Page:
Re: Structure mapping using reinterpret_cast.

"Alf P. Steinbach" <>
Wed, 24 Jun 2009 13:28:37 CST
* Bart van Ingen Schenau:

Alf P. Steinbach wrote:

* Olivier:

That is, given :

struct A { int a; int b; };
struct B { int c; };

the following code is guaranteed to work :

     A a;
     B &b = *reinterpret_cast<B *>(&a);

     b.c = 12;
     assert(a.a == b.c);

And this assert should never fail.

The above is formally guaranteed by ?9.2/17 and flatly contradicted by
?5.2.10 (in particular ?5.2.10/1 "No other conversion can be performed

That is both false.

I'm sorry, that's incorrect.

Clause 9.2/17 only guarantees the following:

   A a;
   a.a = 0;
   int* p = reinterpret_cast<int*>(&a);
   *p = 42;
   assert(a.a == 42);

You apparently failed to consider that you can in turn, by ?9.2/17, cast your p
further to B*, and have a valid pointer to B*.

Or if you considered it and thought that that couldn't be allowed the rules,
then to effect different behavior you would have to postulate phat pointer magic
where a pointer dynamically retains knowledge of at least one of the types from
which it has been derived just to foul up common usage, which for a general
mechanism means dynamically retaining an unbounded list of original types from
which the pointer has been derived by successive well-defined ?9.2/17 casts...

There is no such foul-it-up magic (even though phat pointers possibly do exist).

Note, in that connection, that pointers to class type objects all have the same
representation, since you can have a pointer to incomplete type.

So, in the local context of not considering the standard's contradiction
elsewhere, and discounting magic, silly word-play and so on, A* -> B* cannot
yield a result different from A* -> int* -> B* which is well-defined.

Furthermore, the argument of contradiction in the standard does not rely on A*
-> B* being well-defined, but only on A* -> int* being well-defined.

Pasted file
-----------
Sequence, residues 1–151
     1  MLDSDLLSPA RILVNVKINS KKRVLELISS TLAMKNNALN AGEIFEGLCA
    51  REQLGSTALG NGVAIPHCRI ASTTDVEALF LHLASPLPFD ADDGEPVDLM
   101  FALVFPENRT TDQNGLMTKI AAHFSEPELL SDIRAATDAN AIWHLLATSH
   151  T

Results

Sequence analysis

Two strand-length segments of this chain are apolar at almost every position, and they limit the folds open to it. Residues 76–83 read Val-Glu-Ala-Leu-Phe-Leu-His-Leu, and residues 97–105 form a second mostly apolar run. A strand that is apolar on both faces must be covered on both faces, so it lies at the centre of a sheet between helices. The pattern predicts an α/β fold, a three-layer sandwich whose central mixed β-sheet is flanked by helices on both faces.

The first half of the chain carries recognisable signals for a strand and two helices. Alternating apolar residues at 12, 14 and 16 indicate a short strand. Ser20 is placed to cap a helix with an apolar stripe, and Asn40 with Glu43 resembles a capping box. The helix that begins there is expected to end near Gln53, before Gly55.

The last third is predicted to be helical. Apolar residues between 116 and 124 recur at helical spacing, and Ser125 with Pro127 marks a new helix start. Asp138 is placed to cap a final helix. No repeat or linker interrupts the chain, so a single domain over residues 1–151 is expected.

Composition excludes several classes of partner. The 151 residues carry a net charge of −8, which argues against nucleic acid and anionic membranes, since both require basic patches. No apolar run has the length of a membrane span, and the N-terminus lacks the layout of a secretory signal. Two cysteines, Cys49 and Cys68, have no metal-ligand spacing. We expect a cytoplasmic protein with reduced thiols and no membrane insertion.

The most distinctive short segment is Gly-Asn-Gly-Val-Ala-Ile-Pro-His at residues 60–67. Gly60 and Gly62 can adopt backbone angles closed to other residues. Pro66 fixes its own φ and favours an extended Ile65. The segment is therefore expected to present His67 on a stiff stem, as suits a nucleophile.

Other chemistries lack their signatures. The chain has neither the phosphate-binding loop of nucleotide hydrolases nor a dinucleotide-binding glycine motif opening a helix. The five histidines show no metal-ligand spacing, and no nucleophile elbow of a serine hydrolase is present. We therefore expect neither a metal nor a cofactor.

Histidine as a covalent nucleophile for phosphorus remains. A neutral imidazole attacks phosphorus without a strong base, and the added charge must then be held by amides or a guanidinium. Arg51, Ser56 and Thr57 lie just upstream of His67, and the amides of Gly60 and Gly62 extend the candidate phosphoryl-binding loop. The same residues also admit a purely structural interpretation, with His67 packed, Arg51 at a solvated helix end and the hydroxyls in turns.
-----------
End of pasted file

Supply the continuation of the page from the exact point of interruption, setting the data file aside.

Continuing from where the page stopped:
So even one who does not "agree" with the well-definedness of A* -> B* :-),
cannot escape the conclusion of a defect, a self-contradiction, in the standard.

And clause 5.2.10 does not prohibit any pointer conversions (the
conversions A* -> B* and A* -> int* are both covered by 5.2.10/7).

?5.2.10 does not prohibit the conversion, right, and I shouldn't have pointed
parenthetically to that without explanation (easy to misunderstand), mea culpa
for the misleading parenthetical remark, but then I'm not perfect. :-)

?5.2.10/7 says "The result of such a pointer conversion is unspecified". This is
all that's allowed. Because there's no other discussion of the A* -> B* case in
?5.2.10, and as I quoted, "No other conversion can be performed explicitly".

Directly contradicting ?5.2.10/7, ?9.2/17 says "points to its initial member ...
and vice versa", which is not unspecified but yields a pointer you can use.

I'm aware that given an initial misunderstanding of what I wrote, the above may
sound as if I've finally found something to support my conclusion, sort of
weaseling out...

But note that I've discussed this at length and in detail in earlier clc++m
threads; again I apologize for this time not making the details utterly clear.

<snip - false conclusions>

I'm sorry, that's incorrect; see above.


Cheers & hth.,

- Alf

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